Inevitably the critical leadership has come from one or two churches with the largest congregations and the crucial experience. We have attempted, however, to keep all of the Deanery’s churches connected and involved by sharing as much communication as possible with all members of the Deanery Council and asking them to share with their parishes. Following a specific request from outside of the Deanery, from a parish too small to manage their own refugee project but anxious to help, it, too, was added to the Deanery response. Appeals for furniture and clothing and other necessities went out to everyone, as did updates on the progress of the sponsorship when they were available. The latter was something of a problem because, as we discovered, sponsorship involves long periods of absolute silence and inactivity, followed by short periods of panic! Some parishes were upset at not hearing what was happening, when, in fact, nothing was happening at all.
Given the difficulties of the process, the co-operation across churches has been remarkable. Some churches have responded at an institutional level, and contributed a great deal by way of time and donations, while in other parishes there has been no institutional response, but individuals have helped out in many vital ways, delivering furniture, donating items, purchasing last-minute supplies, and generally being available to help, making this a truly co-operative project.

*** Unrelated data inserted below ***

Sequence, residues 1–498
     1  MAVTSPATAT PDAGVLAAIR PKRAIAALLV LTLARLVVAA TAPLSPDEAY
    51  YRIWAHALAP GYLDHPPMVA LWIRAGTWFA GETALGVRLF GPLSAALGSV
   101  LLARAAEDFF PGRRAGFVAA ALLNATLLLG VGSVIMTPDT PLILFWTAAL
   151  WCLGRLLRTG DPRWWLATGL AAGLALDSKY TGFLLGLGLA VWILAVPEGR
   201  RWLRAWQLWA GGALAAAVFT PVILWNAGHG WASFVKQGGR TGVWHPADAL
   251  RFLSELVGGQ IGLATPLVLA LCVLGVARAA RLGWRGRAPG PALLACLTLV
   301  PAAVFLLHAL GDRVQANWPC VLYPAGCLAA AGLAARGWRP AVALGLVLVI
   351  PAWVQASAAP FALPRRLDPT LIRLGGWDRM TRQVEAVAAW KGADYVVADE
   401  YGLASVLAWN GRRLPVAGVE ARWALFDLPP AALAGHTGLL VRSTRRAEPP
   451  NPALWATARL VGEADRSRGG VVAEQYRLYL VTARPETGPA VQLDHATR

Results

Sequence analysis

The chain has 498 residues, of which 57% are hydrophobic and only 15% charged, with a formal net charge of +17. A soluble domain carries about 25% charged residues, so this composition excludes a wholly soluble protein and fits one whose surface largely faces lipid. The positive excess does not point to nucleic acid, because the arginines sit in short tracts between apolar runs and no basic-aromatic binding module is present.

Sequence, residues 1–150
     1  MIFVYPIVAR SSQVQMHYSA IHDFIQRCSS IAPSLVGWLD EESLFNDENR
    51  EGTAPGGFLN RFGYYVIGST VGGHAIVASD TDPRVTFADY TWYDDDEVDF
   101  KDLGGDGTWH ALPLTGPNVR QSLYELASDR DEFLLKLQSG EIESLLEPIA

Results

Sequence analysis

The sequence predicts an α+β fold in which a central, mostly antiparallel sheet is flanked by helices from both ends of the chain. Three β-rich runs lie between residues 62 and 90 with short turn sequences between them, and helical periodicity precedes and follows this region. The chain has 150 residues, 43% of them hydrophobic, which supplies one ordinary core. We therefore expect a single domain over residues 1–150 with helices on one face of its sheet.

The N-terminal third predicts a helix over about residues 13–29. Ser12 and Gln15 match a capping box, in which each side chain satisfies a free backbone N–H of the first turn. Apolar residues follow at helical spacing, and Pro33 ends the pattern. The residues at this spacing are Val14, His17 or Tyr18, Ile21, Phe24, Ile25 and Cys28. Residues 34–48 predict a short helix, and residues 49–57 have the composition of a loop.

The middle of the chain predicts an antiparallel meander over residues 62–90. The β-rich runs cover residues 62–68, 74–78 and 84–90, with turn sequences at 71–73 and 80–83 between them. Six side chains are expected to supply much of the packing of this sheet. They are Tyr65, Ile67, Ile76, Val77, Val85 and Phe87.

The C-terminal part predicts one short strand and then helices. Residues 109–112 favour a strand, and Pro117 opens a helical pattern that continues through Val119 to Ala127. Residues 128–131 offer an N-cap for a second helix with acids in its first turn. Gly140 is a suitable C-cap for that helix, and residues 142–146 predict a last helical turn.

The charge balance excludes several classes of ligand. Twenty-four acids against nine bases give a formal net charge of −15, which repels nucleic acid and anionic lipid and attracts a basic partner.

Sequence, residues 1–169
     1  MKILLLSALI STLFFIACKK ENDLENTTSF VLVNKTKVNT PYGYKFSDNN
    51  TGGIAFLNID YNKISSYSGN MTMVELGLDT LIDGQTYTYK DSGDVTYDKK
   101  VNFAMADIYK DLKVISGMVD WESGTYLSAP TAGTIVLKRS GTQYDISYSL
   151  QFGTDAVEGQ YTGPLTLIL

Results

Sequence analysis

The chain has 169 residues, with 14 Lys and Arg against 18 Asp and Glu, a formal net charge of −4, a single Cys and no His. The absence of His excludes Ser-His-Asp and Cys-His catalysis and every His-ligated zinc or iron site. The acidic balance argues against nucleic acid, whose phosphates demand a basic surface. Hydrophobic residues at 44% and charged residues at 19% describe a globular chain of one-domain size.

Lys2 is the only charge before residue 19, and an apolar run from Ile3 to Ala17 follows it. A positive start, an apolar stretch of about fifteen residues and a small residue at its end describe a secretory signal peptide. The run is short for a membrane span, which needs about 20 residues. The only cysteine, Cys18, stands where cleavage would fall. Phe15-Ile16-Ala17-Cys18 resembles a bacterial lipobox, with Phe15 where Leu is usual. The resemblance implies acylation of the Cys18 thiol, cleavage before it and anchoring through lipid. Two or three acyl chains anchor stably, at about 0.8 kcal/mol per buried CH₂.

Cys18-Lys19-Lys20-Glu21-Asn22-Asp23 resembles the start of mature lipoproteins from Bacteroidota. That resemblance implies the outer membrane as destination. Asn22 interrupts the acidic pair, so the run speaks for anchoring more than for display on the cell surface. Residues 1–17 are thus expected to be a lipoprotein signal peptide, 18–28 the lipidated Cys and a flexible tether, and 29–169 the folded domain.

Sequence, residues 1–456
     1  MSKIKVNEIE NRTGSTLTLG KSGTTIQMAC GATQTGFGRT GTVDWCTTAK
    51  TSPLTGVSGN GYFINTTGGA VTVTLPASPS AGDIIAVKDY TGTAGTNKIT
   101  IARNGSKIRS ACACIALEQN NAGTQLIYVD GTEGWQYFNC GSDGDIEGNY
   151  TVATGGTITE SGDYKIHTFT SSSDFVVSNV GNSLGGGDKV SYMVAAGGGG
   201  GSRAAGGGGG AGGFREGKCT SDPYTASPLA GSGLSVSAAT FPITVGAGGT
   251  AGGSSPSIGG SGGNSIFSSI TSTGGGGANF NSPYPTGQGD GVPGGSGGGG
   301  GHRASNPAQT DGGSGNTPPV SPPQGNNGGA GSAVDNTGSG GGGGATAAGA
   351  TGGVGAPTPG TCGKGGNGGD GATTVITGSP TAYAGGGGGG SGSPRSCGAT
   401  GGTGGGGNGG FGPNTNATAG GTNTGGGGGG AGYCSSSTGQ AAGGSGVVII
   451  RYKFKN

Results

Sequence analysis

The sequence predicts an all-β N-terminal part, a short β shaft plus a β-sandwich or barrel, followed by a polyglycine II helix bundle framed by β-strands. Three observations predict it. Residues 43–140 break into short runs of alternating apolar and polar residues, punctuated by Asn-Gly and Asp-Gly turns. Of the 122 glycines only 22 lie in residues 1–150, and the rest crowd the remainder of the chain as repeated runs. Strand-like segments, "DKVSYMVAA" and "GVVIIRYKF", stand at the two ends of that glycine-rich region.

That first step of assembling sufficient funds to support a sponsorship application was achieved very quickly.
We have enough money to sponsor a second family once our first family is settled, and the line in the Deanery account remains open for further donations. We realized early on, however, that donations need to be made through individual churches, since the Deanery cannot issue tax receipts.
We held an initial meeting in November to explore what expertise we had and how to proceed. The next step was to create a list of areas of responsibility, and find designated leaders to take care of each of them. Most of the team leaders brought considerable experience and expertise to their tasks, but some areas were so new to us that we all needed to learn as we went along. Together, the team leaders sought out and attended information sessions and workshops across the city, gathering valuable information, making useful contacts, and generally preparing.